Apparently, local users prefer to call “live tracking” as “driver position” or the “moving driver icon” when asked to define what a live tracking feature really is. Knowing this, we made an informed decision to translate “live tracking” as “driver’s position” in Indonesian, Thai, and Vietnamese.
The context is the same and it’s been proven that users understand what it means. This is how we communicate it in our local languages:
Live tracking feedback
EN: How’s the live tracking?
ID: Posisi driver akurat, kah? (Is the driver’s position accurate?)
VN: Định vị tài xế thế nào? (How’s the driver’s tracking?)
TH: ตำแหน่งคนขับถูกต้องแล้วใช่ไหม? (The driver’s location is correct, right?)
As you can see, the wordings and grammar of the same sentences are quite different for each language. But, contextually, it refers to the same message.
4. A unified tone of voice across countries
The tone of voice we use on the app is extremely important. It defines who we are.
When JK Rowling created Harry Potter, Harry’s actions inspired us to be a little more braver each time we saw him go through dangerous and exciting adventures. These adventures made him memorable for the readers. A similar thought applies when we create a copy in the app.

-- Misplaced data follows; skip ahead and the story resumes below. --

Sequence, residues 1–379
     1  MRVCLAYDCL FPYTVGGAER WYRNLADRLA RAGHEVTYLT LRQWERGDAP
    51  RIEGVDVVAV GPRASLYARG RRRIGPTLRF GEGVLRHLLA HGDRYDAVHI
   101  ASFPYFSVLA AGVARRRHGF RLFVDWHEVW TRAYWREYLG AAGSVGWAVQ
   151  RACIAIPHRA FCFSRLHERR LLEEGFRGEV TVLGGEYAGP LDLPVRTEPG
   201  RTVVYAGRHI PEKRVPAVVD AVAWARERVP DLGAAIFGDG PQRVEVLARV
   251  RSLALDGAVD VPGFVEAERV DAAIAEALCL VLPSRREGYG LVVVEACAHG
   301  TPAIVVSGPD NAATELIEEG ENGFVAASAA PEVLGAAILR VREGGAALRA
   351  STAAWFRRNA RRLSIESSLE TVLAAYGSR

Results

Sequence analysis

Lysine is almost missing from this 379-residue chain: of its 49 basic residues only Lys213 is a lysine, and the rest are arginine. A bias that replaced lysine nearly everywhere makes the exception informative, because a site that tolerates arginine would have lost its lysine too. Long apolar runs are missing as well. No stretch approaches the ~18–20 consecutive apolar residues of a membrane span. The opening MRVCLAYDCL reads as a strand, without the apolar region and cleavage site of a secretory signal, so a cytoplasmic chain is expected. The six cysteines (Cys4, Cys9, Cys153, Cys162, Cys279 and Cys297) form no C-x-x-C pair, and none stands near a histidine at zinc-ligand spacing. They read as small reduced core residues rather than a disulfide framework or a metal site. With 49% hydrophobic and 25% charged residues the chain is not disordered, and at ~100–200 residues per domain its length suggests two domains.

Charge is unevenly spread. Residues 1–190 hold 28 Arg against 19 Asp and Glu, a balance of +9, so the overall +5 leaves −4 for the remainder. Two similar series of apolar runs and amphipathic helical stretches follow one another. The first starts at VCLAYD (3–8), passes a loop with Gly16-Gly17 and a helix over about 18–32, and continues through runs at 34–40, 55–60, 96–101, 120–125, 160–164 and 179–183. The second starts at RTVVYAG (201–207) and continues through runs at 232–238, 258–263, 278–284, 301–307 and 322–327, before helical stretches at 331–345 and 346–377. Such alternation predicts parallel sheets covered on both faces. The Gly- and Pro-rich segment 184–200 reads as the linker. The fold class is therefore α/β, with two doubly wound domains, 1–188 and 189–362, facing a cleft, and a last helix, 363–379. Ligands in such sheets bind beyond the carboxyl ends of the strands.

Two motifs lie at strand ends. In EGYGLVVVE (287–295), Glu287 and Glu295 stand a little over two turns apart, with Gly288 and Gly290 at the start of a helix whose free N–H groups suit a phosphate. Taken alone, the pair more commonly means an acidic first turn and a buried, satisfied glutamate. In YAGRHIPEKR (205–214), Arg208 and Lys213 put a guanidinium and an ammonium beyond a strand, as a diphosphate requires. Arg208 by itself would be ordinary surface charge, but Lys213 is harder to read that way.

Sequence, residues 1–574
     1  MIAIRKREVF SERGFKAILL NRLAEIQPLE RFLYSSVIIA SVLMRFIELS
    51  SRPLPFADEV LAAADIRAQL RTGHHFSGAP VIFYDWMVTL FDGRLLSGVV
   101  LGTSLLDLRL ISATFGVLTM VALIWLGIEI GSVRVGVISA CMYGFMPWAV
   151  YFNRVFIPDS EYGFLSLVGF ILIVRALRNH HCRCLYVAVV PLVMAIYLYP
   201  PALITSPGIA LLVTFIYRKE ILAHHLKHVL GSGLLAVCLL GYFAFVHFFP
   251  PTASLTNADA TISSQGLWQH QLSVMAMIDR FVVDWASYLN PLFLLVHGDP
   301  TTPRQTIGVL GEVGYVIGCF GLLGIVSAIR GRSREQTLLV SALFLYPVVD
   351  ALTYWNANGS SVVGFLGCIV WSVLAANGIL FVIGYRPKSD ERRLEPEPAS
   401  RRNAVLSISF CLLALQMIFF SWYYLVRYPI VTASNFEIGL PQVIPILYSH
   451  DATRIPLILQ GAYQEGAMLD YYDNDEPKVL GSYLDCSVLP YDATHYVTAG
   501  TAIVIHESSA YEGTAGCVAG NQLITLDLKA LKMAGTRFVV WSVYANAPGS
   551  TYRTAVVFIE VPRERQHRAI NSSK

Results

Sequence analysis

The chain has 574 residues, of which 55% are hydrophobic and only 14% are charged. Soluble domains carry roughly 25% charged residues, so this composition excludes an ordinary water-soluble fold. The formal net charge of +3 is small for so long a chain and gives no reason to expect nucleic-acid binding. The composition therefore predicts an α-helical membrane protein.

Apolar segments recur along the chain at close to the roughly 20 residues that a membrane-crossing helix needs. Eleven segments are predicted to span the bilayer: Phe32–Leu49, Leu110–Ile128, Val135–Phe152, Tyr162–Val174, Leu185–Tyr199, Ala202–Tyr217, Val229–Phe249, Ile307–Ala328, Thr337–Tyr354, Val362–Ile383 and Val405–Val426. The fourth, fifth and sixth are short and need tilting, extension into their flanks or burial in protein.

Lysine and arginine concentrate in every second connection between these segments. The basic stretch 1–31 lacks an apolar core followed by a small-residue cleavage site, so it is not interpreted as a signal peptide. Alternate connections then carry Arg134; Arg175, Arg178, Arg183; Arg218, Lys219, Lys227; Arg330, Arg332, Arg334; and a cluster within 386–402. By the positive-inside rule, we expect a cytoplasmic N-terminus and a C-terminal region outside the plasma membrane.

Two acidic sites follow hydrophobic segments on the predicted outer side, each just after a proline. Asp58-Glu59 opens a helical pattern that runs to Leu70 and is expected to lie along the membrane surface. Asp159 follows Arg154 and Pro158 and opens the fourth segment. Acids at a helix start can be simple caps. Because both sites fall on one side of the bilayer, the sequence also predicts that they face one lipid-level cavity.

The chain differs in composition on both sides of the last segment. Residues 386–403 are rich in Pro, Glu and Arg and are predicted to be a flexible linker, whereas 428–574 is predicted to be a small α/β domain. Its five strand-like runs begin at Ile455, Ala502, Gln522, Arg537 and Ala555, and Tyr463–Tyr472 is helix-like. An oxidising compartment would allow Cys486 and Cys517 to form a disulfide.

We need to establish a unique voice to stand out and be etched in our users’ memories.
Since Gojek has 3 Super Apps — One each for consumers, driver partners, and merchant partners. Needless to say, every app has different tones of voices.
For consumer apps, we use a witty, cheerful, and casual tone. We want to establish the unique Gojek character as well as bond with our users more, so the relationship doesn’t feel like a user and an app. We want to be the user’s helpful best friend. For our driver and merchant partner apps, the tone of voice is quite different as it will sound more formal and business-like as our relationship is quite different from our users.
5. Proofreading is important!
There will be times where there are typos or misunderstandings. Sometimes we just miss out on these mistakes and it’s only human. But, of course, this is not what customers will expect to find. We ensure we read and re-read our copies multiple times before we take it live.
Localisation is like an adaptation
We’d like to imagine our localisation as adaptations. If the English and Bahasa copy are the original books, our local copies are the local adaptions of them. The story is still there, but there are changes in the character’s past, protagonist’s decisions, or looks, to match the demography.
It’s a critical responsibility to handle UX Writing for all our products and representing our countries. And we could do with some help. Check out our careers page to see the right fit for you.
To read more stories from the vault, check out our blogs.